The Differences Between Injection Molding And Extruding: Could You Work Either Job?

Plastics and how they are used to form numerous objects comprise a big part of the labor market's needs. If you have experience as an extruder of plastics, and you see a job posting or recruiters for injection molders, you may be wondering if you could apply for this kind of work. There are some definitive differences between injection molding and extruding, however, and you may lose the job opportunity to someone with actual injection molding experience because the employer may feel that you would require too much training. If nothing else, you could still "wow" the interviewer or recruiter with the following information on the differences between injection molding and extruding.

Injection Molding and Injection Molders

Injection molding is the process whereby melted plastic is injected into a mold, pressed tightly, and cooled before the molded pieces are released onto the conveyor for the next steps. Although the machine does most of the work, an injection molder still has to be present to operate the machine and program it to inject, mold, release and even coat the plastic components made in the machine. While this is similar to plastic extruding in that you are forcing melted plastic material through an opening to be made into a specific shape, the similarities in the process end there. This job requires more knowledge about different types of plastic/acrylic, their melting points, their solidification points and the speed at which to inject a specific type of molten plastic to get the desired results.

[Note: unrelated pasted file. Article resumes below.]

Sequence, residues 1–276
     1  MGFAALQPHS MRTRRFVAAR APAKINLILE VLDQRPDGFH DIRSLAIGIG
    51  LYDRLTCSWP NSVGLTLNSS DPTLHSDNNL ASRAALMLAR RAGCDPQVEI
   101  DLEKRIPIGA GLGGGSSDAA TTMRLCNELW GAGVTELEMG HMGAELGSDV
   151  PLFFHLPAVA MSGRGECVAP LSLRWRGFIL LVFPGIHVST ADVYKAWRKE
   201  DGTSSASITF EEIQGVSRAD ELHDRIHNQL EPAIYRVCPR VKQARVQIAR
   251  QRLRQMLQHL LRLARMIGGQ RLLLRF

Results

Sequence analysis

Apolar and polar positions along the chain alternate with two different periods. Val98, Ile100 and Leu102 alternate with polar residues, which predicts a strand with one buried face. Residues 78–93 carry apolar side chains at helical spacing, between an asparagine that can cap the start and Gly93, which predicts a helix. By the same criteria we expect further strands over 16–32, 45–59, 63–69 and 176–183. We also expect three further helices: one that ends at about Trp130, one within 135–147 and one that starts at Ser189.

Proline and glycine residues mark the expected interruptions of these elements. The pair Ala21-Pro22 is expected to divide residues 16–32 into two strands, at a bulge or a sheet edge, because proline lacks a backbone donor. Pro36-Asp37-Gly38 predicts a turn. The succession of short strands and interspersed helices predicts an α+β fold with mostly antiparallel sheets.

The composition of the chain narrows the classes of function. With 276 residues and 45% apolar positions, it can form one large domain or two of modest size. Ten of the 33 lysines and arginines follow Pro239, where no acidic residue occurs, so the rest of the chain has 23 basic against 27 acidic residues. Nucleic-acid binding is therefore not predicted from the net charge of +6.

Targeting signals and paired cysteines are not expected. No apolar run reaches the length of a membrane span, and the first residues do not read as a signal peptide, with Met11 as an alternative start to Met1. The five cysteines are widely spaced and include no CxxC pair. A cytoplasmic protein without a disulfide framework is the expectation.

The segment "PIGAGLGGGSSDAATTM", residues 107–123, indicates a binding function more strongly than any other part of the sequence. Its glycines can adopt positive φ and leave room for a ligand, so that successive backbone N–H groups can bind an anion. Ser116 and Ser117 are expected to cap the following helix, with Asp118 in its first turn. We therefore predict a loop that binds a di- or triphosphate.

Plastic Extrusion and Extruders

Plastic extrusion requires that you take a semi-solid chunk of plastic that is usually hot and still malleable and push or press it through a cutter and/or shape molder. (The best way to think of this is to think of a toy you may have had as a kid. The toy required you to put a lump of salt dough into a chamber and then use the press handle to push the dough through the shape extruder that covered the opposite end and opening of the press.) Instead of injecting molten plastic into a confined mold, you are pushing or pressing the semi-solid plastic through a shape cutter. While the word "extruder" more often than not refers to the machine that presses the plastic chunks into cut and shaped pieces, it can still refer to the person that does this job.

If You Still Want the Job and Think You Can Do It

If you still want the job as an injection molder and you think your extrusion skills will transfer nicely, then you should apply through the posting or the recruiter who is looking for more molders. There is a chance that some of your extruder skills and knowledge could transfer over to the molder's job, but there is also a lot more that you will have to learn. It almost requires a degree in plastics and engineering, but whatever knowledge you can pick up before you talk to a recruiter or interviewer will definitely help you "talk shop" properly with them while they consider your application for the job. Contact a business, such as Molding Business Services, for more information.